think tanks

When it comes to the opinion-makers and experts we listen to on matters of foreign policy, it's neither new nor enough to ask: where are the women? We also have to ask where they aren't.We need not go very far for an answer: The Washington Post recently compiled data from events hosted by six leading think tanks in Washington, DC. They found that not a single woman spoke at more than 150 events on the Middle East. Of the 232 total events included in the Post's data set, fewer than 25 percent of the speakers were women.

Echoing President Xi Jinping's call for a new type of Chinese think tank, the general offices of the party Central Committee and the State Council recently announced a plan to develop 50 to 100 "high-end" ones by 2020, which, they said, would compete with America in spreading soft power abroad and help refine policies at home.

China is often portrayed as a giant in the hard-power leagues of the economy, technology and the military. But when it comes to the country's soft power, China watchers have little optimism. As some analysts have pointed out that soft power is all in the mind, think tanks are important as a deliverer of soft power as they convey ideas.

In calling for a new type of Chinese think tank, President Xi Jinping wants institutions that can compete with American ones in spreading soft power abroad and help refine policies at home, analysts say.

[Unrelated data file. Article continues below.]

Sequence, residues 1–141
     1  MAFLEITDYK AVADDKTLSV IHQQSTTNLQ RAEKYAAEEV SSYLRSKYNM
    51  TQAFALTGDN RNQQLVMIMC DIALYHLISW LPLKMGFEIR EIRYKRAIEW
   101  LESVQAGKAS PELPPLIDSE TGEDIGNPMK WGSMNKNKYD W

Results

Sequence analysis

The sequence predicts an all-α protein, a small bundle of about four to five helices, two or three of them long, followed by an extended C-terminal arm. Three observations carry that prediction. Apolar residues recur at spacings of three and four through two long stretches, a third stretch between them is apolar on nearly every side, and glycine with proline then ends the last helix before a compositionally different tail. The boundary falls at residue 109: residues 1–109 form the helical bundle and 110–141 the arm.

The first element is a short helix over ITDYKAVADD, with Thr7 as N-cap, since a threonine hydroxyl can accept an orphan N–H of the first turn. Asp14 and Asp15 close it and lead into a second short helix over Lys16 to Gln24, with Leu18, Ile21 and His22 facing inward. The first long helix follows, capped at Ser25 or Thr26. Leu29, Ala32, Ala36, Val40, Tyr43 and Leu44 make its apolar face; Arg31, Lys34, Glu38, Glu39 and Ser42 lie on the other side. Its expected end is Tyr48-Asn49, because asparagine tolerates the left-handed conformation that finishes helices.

More than a dozen prominent Washington research groups have received tens of millions of dollars from foreign governments in recent years while pushing United States government officials to adopt policies that often reflect the donors’ priorities, an investigation by The New York Times has found. The money is increasingly transforming the once-staid think-tank world into a muscular arm of foreign governments’ lobbying in Washington. 

Yu Hyun-seok, president of the Korea Foundation, deplores the reality of Korean public diplomacy, citing the government’s lack of recognition in the importance of and investment in U.S. think tanks that have growing significance. 

The event is part of a project, ID100, bringing together key academics, think tanks, NGOs, international bodies and the general public to address the world’s biggest environmental, political and socioeconomic problems. The project is being led by researchers from the University’s Sheffield Institute for International Development (SIID).

In his 2009 book, “The Next 100 Years,” George Friedman, the founder of Stratfor, wrote that by the end of the century Mexico will be the main power challenging the U.S. With $500 billion in trade with the U.S. (up from $75 billion two decades ago), with Mexicans spending twice as much on U.S. products as the Chinese, with over 33 million U.S. residents of Mexican origin, with the most frequently crossed international border in the world, it would be irresponsible to wait until the end of the century to pay attention to Mexico.